Pointing to a number of high-profile hacking incidents involving motor vehicles over the last year and General Motors' intention to deploy dedicated short-range communications (DSRC) in some model cars this fall, Public Knowledge (PK) and the New America Open Technology Institute (OTI) are petitioning the FCC to immediately prohibit use of DSRC until it adopts service rules that protect the cybersecurity and privacy of DSRC users.
In recent months, hackers have demonstrated the ability to seize control of braking, steering and acceleration functions, which would allow a hacker to remotely crash vehicles, the petition stated (PDF), noting that a report from Intel chronicled 14 different ways a hacker could gain access to a car's operating system.
As PK/OTI pointed out, DSRC is the auto industry's go-to technology for vehicle-to-vehicle (V2V) and vehicle-to-infrastructure (V2I) communication. While it's taken years to get it off the ground, the auto industry intends to deploy DSRC for both autonomous vehicles and in standard vehicles for purposes of collision avoidance. Plans also called for using DSRC to offer commercial services such as mobile payments, in-car advertising and "infotainment" systems such as video streaming, something the consumer groups objected to.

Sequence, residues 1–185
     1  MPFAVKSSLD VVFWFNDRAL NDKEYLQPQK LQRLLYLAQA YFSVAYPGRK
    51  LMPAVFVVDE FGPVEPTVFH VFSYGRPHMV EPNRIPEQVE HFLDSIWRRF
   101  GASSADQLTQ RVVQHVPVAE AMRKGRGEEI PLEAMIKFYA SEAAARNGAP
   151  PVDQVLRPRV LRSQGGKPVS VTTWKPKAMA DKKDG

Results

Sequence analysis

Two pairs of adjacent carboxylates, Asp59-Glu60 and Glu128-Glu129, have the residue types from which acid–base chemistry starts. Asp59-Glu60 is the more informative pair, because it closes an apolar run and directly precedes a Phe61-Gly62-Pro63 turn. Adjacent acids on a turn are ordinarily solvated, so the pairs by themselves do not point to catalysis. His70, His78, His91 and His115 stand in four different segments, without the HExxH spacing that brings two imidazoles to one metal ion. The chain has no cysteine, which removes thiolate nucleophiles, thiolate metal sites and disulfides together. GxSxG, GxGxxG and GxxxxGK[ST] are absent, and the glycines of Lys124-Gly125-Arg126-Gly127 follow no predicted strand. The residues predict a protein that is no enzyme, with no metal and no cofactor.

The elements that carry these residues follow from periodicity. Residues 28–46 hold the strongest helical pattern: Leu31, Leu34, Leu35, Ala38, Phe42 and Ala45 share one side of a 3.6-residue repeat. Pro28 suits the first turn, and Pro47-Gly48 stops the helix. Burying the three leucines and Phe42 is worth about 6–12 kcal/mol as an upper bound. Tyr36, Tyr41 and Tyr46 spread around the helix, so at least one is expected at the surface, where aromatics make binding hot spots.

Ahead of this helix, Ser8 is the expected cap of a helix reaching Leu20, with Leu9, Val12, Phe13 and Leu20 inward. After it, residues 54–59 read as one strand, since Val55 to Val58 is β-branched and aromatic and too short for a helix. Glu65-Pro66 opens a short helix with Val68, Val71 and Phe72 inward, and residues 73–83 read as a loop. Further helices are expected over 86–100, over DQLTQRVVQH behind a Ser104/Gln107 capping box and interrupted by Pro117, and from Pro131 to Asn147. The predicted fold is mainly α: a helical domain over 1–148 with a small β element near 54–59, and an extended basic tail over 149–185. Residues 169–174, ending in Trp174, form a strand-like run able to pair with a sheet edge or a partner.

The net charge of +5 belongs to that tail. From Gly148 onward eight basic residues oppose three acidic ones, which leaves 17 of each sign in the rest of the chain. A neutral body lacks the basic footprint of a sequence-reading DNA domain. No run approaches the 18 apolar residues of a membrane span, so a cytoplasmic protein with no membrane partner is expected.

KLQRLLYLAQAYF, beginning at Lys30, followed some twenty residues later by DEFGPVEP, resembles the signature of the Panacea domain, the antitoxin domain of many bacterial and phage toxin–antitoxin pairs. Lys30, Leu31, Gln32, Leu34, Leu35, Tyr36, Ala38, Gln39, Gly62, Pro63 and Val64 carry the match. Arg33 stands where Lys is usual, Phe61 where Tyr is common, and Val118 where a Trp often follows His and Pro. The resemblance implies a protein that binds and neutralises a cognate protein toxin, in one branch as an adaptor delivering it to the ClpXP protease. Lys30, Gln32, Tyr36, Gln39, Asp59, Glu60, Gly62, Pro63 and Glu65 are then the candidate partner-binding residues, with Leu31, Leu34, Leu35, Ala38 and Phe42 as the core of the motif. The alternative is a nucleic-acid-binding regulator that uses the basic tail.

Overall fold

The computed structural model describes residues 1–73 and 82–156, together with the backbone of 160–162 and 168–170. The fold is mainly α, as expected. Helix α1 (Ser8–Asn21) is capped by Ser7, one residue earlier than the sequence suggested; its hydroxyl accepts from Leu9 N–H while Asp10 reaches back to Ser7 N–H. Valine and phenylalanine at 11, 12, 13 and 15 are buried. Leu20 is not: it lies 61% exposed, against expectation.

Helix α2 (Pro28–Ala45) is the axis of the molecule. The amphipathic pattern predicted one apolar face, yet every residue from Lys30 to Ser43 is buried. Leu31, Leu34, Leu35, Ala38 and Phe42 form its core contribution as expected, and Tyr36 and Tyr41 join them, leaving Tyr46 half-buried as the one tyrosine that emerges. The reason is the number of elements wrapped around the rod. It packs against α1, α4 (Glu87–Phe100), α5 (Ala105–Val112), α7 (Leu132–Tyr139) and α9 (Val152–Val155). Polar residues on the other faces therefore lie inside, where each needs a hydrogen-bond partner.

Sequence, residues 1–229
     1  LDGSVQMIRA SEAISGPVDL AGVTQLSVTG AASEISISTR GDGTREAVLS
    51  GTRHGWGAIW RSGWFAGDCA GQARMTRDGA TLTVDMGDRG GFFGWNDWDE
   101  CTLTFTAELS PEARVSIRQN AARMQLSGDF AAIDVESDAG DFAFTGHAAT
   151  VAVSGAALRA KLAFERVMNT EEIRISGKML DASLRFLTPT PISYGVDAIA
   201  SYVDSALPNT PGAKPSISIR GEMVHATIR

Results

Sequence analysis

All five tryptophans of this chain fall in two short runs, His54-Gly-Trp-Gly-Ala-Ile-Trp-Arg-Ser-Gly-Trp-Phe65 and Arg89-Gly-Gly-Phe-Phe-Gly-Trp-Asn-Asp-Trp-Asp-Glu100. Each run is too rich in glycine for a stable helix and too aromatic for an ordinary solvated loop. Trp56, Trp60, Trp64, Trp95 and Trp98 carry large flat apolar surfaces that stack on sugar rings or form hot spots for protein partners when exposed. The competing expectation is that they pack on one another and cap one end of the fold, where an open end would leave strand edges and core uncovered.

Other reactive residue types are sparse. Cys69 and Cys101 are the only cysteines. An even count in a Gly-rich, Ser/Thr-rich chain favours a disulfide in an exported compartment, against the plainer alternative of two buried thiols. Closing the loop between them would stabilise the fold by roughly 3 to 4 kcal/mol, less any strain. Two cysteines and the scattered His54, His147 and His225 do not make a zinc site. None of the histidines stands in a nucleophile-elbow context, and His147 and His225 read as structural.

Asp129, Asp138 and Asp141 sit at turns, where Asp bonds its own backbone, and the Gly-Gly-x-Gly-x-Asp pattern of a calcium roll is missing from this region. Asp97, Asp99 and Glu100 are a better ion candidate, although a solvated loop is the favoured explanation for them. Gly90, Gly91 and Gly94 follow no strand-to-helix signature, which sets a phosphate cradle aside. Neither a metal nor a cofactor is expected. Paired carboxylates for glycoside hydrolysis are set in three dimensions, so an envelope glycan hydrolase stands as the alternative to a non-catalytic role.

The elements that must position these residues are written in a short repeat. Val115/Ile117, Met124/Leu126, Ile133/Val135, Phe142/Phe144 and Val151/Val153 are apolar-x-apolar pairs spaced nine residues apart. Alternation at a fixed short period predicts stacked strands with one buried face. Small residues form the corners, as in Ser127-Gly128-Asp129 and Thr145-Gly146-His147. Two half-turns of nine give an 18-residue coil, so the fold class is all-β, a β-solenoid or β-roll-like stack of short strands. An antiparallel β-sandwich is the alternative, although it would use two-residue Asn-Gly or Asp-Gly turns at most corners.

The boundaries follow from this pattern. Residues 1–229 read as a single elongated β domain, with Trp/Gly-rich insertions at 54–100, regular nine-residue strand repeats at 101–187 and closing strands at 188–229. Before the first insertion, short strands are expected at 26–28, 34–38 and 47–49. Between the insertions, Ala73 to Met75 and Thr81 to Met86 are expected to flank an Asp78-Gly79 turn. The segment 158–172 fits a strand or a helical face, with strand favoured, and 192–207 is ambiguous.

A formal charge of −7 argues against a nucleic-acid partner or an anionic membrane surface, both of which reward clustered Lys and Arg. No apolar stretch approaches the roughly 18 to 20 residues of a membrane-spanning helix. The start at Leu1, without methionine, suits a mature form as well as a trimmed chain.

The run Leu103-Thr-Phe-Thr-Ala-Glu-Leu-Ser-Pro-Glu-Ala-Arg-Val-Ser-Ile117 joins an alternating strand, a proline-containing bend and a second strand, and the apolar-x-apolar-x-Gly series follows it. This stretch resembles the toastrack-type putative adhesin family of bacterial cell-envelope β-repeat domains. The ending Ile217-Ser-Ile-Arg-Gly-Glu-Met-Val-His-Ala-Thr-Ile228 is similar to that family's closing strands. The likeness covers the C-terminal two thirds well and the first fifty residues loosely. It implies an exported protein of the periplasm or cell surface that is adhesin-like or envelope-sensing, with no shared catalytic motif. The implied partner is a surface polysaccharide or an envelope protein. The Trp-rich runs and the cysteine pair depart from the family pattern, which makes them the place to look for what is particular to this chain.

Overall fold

Public Knowledge's Petition for Rulemaking asked the FCC to adopt several safety measures before permitting the auto industry to deploy DSRC, including making automakers file a cybersecurity plan before activating DSRC systems and requiring them to inform customers what types of personal information they collect and how they will use that information. It also wants regulators to limit DSRC to life and safety issues only and not allow automakers to monetize the spectrum with advertising and mobile payments.
"In March, the FBI and Department of Transportation (DOT) issued a joint Public Service Announcement warning Americans to be careful against cyberattacks on their cars," said Harold Feld, senior vice president at Public Knowledge, in a statement. "A hacked car equipped with DSRC will spread the infection to any other car equipped with DSRC like a mosquito spreading Zika."
"When the FCC created the DSRC service rules in 2004, it did not impose any requirements with regard to cybersecurity or privacy protection. In light of these recent reports and warnings, that must change," he added.
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